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FROM THE ANTHOLOGY: Masters of International Relations

Pull Back

The Case for a Less Activist Foreign Policy


Despite a decade of costly and indecisive warfare and mounting fiscal pressures, the long-standing consensus among American policymakers about U.S. grand strategy has remained remarkably intact. As the presidential campaign made clear, Republicans and Democrats may quibble over foreign policy at the margins, but they agree on the big picture: that the United States should dominate the world militarily, economically, and politically, as it has since the final years of the Cold War, a strategy of liberal hegemony. The country, they hold, needs to preserve its massive lead in the global balance of power, consolidate its economic preeminence, enlarge the community of market democracies, and maintain its outsized influence in the international institutions it helped create.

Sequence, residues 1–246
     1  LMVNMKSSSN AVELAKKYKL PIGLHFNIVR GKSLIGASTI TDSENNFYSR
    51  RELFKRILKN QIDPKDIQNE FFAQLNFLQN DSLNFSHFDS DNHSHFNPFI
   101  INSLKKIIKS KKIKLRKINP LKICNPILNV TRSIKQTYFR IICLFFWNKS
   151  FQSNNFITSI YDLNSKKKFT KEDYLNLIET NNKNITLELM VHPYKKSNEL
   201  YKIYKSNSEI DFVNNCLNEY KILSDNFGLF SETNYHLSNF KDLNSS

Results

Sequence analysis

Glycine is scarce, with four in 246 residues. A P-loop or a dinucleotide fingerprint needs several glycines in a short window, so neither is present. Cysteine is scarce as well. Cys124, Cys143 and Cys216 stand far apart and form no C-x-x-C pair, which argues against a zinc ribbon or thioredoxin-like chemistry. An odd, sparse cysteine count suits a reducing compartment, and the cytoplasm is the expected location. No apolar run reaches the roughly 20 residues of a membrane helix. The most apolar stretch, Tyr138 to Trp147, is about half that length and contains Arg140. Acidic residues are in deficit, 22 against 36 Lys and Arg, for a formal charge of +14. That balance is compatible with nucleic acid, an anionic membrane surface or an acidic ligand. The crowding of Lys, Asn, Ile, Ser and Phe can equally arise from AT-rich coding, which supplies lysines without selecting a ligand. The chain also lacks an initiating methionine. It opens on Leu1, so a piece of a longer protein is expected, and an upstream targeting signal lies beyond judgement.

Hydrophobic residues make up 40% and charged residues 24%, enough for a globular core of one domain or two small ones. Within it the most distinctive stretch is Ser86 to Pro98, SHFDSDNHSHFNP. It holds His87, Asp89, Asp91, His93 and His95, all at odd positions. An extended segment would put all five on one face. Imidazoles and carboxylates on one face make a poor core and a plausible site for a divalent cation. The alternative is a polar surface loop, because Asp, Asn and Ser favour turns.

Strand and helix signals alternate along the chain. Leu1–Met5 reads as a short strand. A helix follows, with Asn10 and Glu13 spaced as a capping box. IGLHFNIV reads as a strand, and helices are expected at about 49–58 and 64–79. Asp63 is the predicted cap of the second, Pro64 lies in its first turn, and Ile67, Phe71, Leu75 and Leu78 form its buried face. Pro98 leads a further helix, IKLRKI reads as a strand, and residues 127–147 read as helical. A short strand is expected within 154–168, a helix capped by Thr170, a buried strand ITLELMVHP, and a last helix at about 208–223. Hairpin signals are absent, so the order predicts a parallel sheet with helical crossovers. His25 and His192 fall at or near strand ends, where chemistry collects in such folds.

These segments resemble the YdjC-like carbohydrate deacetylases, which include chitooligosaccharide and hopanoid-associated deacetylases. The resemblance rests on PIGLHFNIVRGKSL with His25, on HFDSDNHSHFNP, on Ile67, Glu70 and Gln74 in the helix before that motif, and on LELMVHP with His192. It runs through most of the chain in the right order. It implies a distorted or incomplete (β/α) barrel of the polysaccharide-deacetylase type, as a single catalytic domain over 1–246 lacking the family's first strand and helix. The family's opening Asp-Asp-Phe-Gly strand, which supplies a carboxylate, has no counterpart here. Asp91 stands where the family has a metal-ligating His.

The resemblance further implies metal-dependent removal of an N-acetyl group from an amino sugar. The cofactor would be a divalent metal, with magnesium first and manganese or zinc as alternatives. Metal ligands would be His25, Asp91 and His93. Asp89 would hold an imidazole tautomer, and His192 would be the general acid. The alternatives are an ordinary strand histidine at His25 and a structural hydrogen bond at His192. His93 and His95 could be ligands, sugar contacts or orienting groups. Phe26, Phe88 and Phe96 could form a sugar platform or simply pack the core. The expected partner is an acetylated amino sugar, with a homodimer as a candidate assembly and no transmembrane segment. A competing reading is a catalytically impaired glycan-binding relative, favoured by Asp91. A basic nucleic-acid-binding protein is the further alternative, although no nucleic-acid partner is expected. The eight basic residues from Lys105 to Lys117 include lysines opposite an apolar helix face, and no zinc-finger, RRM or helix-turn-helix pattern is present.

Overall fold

To this end, the U.S. government has expanded its sprawling Cold War-era network of security commitments and military bases. It has reinforced its existing alliances, adding new members to NATO and enhancing

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